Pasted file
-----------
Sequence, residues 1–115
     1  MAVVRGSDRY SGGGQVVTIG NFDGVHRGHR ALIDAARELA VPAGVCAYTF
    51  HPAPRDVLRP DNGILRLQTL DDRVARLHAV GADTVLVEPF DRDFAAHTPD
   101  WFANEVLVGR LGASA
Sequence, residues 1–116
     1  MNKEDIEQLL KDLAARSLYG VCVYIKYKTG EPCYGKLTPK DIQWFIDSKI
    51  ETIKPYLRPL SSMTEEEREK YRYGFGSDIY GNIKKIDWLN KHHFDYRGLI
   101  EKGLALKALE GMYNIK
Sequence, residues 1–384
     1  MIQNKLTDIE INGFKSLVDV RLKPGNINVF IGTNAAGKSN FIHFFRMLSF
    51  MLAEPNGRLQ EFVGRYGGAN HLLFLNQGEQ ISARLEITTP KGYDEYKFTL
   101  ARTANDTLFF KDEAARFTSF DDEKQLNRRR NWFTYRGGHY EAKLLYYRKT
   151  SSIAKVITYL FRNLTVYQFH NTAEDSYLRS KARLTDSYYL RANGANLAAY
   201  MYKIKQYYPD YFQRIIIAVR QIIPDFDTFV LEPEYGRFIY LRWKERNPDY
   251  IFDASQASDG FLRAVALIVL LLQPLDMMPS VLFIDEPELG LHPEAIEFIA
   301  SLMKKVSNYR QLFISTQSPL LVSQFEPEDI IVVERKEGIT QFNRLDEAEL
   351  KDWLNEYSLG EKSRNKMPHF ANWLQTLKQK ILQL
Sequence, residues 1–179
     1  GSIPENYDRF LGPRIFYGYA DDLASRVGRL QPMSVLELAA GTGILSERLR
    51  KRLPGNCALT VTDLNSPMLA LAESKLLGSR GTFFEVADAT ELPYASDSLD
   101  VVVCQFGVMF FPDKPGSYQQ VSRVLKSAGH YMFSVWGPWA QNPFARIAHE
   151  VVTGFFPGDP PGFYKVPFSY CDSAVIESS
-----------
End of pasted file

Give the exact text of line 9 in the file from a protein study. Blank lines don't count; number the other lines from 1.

Sequence, residues 1–384